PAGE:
Published by Drawn & Quarterly in April 2014, The WORN Archive is the first book by Serah-Marie McMahon and WORN Fashion Journal. The anthology is comprised of the first fourteen issues of WORN, with each chapter focusing celebrating a different part of fashion - that fashion can be fun, fashion can be art, identity, politics, and most of all, that fashion is a personal medium for self-expression. It's a 400+ page manifesto, a resource of incredible information, and a beautiful book for Wornettes all over the world.
Featuring an introduction by Jane Pratt.
"This deliciously designed, intelligent, quirky, entertaining, and provocative archive of magazine articles documents Worn’s seven years challenging fashion conventions, celebrating clothing fanatics and designers, and considering how and why we decorate ourselves [...] Artists, makers, and fashionistas will be seduced by the book’s imaginative visuals and astute essays." —Publishers Weekly
"...what makes The Worn Archive special is that it takes fashion and style and makes them what they should be: empowering. The entire book is filled with articles aimed at letting anybody in on the secret that style and stylishness is attainable. It has fascinating and well-researched articles on the evolution of the airline stewardess dress, along with “How the safety pin became a revolutionary fashion accessory,” and, like any book put out by Drawn & Quarterly, it looks great. Put it all together, and you have one very necessary book." - Flavorwire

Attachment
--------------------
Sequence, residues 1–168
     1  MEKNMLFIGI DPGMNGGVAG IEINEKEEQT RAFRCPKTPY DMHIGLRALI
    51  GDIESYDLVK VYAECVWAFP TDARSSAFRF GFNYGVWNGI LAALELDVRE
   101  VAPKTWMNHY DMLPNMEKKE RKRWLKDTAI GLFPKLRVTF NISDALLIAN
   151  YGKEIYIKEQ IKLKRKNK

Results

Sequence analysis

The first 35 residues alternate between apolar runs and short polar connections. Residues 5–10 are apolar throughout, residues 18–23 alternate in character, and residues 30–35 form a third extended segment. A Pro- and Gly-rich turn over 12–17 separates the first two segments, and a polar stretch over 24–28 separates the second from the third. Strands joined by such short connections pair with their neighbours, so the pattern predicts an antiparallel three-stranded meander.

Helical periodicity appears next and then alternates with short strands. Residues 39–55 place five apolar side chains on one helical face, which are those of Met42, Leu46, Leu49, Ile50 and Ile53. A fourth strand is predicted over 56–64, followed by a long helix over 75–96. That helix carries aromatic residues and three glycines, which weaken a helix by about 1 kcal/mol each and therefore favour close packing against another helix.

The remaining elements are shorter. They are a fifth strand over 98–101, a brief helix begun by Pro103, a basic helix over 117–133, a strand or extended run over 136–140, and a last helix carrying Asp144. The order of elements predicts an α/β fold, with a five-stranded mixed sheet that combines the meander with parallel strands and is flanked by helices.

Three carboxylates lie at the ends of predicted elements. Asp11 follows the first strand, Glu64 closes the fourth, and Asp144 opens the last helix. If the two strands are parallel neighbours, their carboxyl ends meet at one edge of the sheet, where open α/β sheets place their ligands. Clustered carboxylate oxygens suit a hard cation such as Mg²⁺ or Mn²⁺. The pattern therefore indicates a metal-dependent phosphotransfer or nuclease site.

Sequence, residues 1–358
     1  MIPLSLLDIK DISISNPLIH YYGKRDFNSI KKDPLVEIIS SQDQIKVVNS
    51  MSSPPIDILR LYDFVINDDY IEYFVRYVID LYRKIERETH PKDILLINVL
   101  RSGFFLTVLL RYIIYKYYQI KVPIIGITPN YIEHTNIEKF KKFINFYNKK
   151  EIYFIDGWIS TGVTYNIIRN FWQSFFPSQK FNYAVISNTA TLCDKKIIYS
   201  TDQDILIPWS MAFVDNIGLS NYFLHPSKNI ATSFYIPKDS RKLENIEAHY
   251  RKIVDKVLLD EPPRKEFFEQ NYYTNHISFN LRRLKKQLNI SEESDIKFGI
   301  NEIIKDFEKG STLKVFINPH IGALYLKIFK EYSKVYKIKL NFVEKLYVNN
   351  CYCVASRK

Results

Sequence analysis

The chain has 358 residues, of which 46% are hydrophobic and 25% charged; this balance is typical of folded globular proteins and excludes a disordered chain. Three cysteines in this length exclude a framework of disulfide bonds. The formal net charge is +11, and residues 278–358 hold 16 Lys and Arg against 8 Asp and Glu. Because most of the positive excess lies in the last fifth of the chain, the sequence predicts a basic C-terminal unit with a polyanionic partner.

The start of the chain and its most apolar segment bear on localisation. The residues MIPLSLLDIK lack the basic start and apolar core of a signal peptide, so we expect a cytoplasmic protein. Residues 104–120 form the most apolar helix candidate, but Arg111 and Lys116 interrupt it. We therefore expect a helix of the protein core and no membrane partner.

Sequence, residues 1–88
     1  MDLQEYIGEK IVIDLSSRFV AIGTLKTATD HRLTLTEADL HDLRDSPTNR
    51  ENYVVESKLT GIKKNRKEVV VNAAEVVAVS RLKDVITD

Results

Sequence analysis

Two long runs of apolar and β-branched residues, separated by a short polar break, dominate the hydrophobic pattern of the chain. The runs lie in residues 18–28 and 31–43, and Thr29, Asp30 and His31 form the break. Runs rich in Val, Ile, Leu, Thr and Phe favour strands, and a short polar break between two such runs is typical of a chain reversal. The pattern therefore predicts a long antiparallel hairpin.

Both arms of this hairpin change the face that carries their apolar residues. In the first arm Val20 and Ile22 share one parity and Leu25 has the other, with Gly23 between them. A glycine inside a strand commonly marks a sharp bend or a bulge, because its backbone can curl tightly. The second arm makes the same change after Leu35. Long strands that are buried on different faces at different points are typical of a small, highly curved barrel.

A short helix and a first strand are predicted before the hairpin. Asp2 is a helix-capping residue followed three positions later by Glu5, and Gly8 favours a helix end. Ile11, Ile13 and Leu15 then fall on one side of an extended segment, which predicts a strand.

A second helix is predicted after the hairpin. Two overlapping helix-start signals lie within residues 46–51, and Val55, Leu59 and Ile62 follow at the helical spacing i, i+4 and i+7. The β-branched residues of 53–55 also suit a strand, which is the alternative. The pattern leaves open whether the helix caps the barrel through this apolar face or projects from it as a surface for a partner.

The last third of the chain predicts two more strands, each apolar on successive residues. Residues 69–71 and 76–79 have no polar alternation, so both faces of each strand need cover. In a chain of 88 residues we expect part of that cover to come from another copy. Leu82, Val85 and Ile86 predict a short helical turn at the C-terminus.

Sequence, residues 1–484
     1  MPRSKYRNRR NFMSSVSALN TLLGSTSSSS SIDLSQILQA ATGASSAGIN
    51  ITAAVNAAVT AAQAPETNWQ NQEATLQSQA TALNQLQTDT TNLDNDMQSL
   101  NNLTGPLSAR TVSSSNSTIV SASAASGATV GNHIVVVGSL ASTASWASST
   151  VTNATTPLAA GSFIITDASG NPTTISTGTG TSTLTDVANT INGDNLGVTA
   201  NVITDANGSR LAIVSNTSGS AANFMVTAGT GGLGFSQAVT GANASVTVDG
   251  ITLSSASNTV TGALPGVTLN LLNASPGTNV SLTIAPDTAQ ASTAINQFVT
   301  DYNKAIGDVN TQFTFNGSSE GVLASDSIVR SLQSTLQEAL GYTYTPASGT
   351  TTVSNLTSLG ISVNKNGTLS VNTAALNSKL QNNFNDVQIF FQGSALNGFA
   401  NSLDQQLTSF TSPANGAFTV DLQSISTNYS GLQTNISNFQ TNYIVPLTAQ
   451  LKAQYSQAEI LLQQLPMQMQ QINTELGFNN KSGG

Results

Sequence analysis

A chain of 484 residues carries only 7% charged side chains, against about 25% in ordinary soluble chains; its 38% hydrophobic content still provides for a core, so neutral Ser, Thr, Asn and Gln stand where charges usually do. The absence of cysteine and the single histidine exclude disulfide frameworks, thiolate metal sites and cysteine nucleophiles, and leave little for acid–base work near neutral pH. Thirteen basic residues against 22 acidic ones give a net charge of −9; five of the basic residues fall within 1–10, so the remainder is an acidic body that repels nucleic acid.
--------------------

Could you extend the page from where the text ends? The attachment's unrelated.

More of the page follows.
"Every page is a reminder that clothes aren't just things we buy; they're what we live in" —Flare
"The WORN Archive is just as much an art book as it is a fashion tome with striking illustrations and conceptual photographs. Most likely you’ll keep it on your coffee table for years but only this time, you and your guests will want to absorb every page rather than just flick through it." - Styleite
"[WORN has] an abundance of striking illustrations by artists including Shea Chang and Sara Guindon jostling next to photoshoots peopled by refreshingly ‘real’ models, with a distinctly feminist undertone to the proceedings [...] it’s a wonderful, heart-warming and funny read; with the layout and design adding to its often anarchic, celebratory, anything-goes tone." —Design Week
"WORN advocates the cultivation of personal style. It's an ongoing conversation among unconventional fashion enthusiasts. Serah-Marie McMahon and her Wornettes clearly love fashion - they just don't follow the norms that dominate fashion publications." - Valerie Steele, chief curator of The Museum At The Fashion Institute Of Technology